(b) With respect to this potential foray, it is pretty much agreed that it will be difficult to identify a winner, and what will be accomplished is far less than clear;

    (c) We minions do not generally stand to gain economically, or from a security perspective, from pursuing a military route. That there is a humanitarian component to the whole issue has complicated it for us as a people; and

    (d) That the folks who are the perceived victims of the use of chemical weapons are Middle Eastern, many of whom are Islamic, further complicates our approach.

    To go into a foreign land and whip some ass requires a fairly clear set of goals. Arguably, all of them in this instance are murky.

  7. Thanks much Douglas:

    Arguably, the primary motivation for war historically has been economic, or territory. To some extent, for a long time, the United States conducted a quiet, economic global war. To a very significant extent, we now have an economic ally in China, and we are both co-dependent, at least at this point in time.

    Late last week, we heard a NPR program on censorship in China. Essentially, the Chinese do not have a problem with individuals doing and saying whatever they want. However, once one starts to disseminate one's anti-government message which is followed by others, or meet in groups centering around anti-government sentiment, that's when the government steps in. Does that position tell anything about their approach to economic development in this communist giant?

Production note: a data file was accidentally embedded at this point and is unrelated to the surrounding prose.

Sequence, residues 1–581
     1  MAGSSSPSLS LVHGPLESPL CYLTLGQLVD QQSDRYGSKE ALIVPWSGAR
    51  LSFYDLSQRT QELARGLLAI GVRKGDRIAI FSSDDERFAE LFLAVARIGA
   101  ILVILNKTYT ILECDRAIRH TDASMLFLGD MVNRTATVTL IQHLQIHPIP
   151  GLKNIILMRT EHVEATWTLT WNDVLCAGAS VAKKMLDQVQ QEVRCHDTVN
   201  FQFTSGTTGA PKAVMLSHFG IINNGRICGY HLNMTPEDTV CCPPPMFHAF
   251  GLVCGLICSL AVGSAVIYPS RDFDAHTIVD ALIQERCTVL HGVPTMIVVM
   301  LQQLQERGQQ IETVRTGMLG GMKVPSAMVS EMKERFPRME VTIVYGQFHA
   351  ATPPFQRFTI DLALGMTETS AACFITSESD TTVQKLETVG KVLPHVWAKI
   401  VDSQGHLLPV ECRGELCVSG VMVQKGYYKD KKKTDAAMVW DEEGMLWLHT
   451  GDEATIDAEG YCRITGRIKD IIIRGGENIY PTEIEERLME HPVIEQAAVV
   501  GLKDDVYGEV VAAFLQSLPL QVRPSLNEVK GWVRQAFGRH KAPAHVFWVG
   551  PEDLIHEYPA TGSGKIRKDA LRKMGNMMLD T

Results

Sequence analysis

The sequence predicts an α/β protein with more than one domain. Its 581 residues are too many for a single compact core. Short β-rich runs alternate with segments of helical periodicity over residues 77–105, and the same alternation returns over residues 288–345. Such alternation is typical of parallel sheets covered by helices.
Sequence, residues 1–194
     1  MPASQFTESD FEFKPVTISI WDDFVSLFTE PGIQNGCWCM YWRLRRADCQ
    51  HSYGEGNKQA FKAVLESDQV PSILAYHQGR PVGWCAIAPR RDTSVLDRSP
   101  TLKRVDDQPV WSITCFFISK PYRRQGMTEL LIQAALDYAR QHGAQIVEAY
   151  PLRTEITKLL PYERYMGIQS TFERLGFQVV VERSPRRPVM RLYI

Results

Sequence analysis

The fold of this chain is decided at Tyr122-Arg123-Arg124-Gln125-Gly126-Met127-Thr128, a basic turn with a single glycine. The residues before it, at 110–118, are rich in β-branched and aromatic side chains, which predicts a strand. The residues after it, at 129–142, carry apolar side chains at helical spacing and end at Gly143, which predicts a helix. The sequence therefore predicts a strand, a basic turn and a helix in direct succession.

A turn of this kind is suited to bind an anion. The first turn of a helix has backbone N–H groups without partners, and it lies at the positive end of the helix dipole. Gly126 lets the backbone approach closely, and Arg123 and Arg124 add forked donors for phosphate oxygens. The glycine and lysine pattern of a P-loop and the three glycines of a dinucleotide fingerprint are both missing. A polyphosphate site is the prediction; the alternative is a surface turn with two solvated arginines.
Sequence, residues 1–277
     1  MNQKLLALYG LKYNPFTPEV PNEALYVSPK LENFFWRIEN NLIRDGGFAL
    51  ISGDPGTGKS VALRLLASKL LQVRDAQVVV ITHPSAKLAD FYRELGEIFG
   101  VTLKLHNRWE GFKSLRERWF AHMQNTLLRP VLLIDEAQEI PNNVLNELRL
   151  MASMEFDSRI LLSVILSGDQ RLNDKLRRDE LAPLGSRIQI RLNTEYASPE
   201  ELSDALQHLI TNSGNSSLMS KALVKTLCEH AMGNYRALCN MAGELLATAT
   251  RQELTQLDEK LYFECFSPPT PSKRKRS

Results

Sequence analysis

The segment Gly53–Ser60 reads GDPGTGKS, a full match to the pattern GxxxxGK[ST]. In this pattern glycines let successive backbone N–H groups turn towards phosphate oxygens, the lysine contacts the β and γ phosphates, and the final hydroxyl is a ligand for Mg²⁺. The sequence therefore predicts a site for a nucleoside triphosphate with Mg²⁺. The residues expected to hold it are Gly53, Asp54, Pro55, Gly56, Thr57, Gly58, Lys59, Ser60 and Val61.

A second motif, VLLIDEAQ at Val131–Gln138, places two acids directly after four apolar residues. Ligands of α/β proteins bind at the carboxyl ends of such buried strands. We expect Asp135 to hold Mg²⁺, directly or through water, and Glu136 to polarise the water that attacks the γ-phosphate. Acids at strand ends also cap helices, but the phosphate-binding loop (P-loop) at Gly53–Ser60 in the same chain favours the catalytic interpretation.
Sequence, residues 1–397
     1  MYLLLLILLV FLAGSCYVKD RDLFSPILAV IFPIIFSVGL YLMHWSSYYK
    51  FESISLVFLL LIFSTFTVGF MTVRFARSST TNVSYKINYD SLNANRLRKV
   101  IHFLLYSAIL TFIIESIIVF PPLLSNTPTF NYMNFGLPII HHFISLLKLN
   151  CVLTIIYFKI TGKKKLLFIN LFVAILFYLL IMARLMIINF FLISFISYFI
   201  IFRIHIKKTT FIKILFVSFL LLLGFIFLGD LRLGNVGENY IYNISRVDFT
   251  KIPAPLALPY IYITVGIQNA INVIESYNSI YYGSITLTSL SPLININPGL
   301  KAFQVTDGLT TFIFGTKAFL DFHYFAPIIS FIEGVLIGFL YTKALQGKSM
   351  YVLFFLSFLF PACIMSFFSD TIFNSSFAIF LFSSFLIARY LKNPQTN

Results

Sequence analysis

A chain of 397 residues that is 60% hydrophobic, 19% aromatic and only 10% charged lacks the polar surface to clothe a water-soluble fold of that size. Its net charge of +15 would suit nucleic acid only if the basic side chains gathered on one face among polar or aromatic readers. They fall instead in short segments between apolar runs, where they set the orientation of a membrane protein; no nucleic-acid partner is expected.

8. Yes, I think we gave up the territorial imperialism (direct control of resources) for economic (indirect) at the end of WWII (though I suspect that actually began after WWI). This is a more fractured approach with subtle government control over it. I would call China and the US, uneasy and informal allies with differing agendas... possibly like the more formal alliance of Russia and the US in WWII. A temporary common goal has yet to form, however, which will be needed for a formal alliance and more (deeper) cooperation.
    The current Chinese approach to freedom of speech is no different, I think, than any dictatorial entity. A government cannot completely control speech so it doesn't try, just makes "examples" from time to time to remind the people who is in charge. To some extent (let's call it "peer pressure" for now) we practice a more subtle form here. China has never been formally territorial in its ambitions, not even ideological (Stalin and Mao were miles apart in that regard) but it now sees the advantage of economic imperialism and is taking tenuous steps in that direction.